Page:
Teaching Online in the Age of COVID-19
With the news that many universities are closing in person classes, the transition to online teaching is underfoot. Many of us are scrambling to take our face-to-face model and put it online, amid the general uncertainty and other pressures we are facing (e.g., concerns for our loved ones, children suddenly out of school or daycare, runs of food and household supplies, the general stress of this event, etc).
Below, are some online teaching resources that have been shared by amazing, dedicated faculty these last few days. It is so heartwarming to see professors from across the globe coming together to help one another out. I’ve also sprinkled in some of my past blog posts that you may find helpful for both online teaching and for thriving as a ‘virtual educator’ in the weeks and months ahead.
Educators Helping Educators
The lovely thing about educators is that we are inherently motivated to help and share. You can find many educators helping educators in the below spaces:
- The Social Media Professors Community Facebook group.
- Teaching in the Time of Corona: Resources Facebook group.
- The Spring 2020 Online Learning Collective Facebook group.
- #AcademicTwitter on Twitter
- #CovidCampus on Twitter
- How to Prepare to Teach Online #1 – Jacque Wernimont has put together an impressively comprehensive and growing list of resources for teaching online during COVID19.
- How to Prepare to Teach Online #2 – Amanda Weed and Karen Freberg have created an online teaching folder via the Social Media Professors Community group. The folder includes an awesomely helpful and growing list of resources, including free software, digital textbooks, teaching guides, and more.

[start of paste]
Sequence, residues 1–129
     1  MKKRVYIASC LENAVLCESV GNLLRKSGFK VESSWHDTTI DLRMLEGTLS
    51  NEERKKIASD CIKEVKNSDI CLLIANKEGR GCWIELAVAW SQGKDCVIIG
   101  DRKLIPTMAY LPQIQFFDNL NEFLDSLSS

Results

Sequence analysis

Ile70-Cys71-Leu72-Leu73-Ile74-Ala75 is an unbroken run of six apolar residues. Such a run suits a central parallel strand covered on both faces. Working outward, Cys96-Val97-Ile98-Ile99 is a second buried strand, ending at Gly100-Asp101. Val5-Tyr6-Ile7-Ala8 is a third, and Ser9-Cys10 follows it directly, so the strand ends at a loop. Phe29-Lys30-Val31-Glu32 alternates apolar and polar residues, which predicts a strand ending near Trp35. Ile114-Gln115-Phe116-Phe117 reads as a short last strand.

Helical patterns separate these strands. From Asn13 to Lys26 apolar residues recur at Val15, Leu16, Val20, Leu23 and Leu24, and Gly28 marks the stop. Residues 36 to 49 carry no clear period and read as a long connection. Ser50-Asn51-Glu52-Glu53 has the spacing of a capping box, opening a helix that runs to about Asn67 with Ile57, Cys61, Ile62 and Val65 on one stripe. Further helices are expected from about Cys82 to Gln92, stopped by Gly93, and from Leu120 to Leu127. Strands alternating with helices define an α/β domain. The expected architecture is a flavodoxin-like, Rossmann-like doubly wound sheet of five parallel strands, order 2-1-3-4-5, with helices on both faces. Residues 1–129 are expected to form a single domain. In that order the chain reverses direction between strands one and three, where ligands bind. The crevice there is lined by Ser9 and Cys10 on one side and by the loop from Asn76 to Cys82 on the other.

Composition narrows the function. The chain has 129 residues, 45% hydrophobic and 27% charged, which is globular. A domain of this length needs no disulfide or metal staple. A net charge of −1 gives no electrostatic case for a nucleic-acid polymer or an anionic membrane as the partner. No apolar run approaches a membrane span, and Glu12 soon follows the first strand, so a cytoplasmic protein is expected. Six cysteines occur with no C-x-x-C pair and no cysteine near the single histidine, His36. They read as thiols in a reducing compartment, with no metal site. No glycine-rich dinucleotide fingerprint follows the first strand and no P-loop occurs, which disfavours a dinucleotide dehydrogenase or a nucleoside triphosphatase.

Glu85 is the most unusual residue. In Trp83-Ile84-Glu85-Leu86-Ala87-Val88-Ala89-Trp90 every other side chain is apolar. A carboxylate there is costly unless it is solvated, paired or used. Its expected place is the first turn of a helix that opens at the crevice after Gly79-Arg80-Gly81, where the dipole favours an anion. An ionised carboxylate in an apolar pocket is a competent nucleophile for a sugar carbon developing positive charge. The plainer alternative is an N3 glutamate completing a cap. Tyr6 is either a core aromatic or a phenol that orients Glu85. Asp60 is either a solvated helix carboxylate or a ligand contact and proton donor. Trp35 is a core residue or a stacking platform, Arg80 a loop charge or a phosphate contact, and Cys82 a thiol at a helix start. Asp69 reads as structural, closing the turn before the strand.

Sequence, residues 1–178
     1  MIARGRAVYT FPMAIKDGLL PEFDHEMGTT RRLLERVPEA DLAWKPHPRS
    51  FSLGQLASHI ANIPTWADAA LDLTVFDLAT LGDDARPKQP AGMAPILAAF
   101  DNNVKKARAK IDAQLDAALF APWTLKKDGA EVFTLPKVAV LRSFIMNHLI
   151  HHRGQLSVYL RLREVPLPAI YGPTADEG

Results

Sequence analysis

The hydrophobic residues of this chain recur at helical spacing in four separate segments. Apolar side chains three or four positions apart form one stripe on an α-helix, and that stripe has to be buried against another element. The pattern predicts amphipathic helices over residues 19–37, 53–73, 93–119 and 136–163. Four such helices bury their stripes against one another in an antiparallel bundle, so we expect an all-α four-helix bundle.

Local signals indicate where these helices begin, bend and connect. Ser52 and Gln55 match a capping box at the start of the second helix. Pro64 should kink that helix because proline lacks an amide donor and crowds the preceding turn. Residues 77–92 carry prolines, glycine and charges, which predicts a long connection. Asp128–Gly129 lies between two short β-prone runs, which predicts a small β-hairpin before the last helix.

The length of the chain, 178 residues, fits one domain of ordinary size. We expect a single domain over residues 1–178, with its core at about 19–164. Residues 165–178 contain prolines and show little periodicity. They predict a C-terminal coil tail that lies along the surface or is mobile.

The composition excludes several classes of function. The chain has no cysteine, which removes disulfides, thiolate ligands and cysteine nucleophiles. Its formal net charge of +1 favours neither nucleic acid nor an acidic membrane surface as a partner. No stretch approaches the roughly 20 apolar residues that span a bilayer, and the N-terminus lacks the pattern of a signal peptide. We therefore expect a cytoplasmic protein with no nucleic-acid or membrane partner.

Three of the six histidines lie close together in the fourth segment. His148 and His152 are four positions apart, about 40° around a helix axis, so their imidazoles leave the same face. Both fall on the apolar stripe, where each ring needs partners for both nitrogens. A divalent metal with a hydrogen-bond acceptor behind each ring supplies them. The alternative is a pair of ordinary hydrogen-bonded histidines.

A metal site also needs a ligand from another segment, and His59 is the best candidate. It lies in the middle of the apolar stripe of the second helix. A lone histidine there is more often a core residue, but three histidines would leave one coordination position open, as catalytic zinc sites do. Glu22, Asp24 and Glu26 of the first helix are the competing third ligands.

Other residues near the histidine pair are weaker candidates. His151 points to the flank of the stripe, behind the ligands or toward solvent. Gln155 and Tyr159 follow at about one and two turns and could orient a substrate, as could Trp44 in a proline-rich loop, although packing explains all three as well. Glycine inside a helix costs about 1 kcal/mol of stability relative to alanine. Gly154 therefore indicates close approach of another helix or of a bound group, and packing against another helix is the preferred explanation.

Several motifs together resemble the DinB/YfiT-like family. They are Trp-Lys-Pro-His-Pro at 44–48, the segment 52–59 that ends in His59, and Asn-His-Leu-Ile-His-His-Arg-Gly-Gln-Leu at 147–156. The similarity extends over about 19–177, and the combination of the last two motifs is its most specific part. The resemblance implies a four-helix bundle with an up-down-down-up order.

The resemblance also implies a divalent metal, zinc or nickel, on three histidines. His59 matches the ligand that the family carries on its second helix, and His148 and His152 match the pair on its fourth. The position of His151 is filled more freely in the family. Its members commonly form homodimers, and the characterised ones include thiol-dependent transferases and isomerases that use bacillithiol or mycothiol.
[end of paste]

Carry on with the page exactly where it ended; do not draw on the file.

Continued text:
Ensuring Student Access
In taking our classes online, we must consider ensuring that our most vulnerable students do not get left behind. The digital divide magnifies education disparities in an ‘online-first’ delivery model. This is a very real concern and we need to think ahead about how this will impact our students. For example, a student of mine was sharing how they would have to go to a fast food restaurant for free WiFi to do schoolwork because of slow Internet access at their home.
- Accessible Teaching in COVID-19 – At Mapping Access, Aimi Hamraie put together a great primer for preparing an accessible online course.
- Consider bandwidth – In “Videoconferencing Alternatives: How Low-Bandwidth Teaching Will Save Us All,” Daniel Stanford offers low-bandwidth alternatives to ensure those with slower or limited Internet access are included.
- Free Internet Access – You may have heard that many ISPs are providing free public WIFI access during the COVID-19 pandemic. Spectrum is offering free access to student households.
Tips & Guides Hosting Online Lectures
- Online client presentations via Zoom – Working with a class client? Karen Freberg put together a guide for her students to prepare them to give their class client presentations via Zoom. It offers great tips for preparing for a Zoom presentation as well as advice for how students can leverage this experience for their resume.
- Suddenly Teaching with Zoom? – Steve Klee & Anne Ho offer tips for teaching online. Steve has transitioned online and Ho has experience as the chair of an online masters of mathematics program at University of Tennessee at Knoxville.
- How to Prepare for Online Teaching – This 36 minute YouTube video with a panel of experts (Alyssa Kariofyllis, C.C. Chapman, Tim Best) talks you through how high school and university educators can quickly get their classes online.
Simple, effective tools for communicating instructions and assignments to students
- Videostreaming Services – There has been tons of talk about teaching via Zoom. If you’re looking for an alternative, a few that have popped up are LifeSize and the video feature in Microsoft Teams (see my discussion of Teams below).
- Loom screen recording software – Loom is offering professors and students a free pro version of its software. I played around with Loom and I like that it works on both PC and Mac. A few things I really love are 1) Loom videos are auto-uploaded to their server for easy sharing via an URL, 2) Users can post comments to videos, 3) videos can be edited via your browser,. 4) Loom works via a desktop app or via a Chrome extension, 5) all the features like picture-in-picture video of you speaking. Videos can also be downloaded for uploading elsewhere. I suggest Loom for longer form content.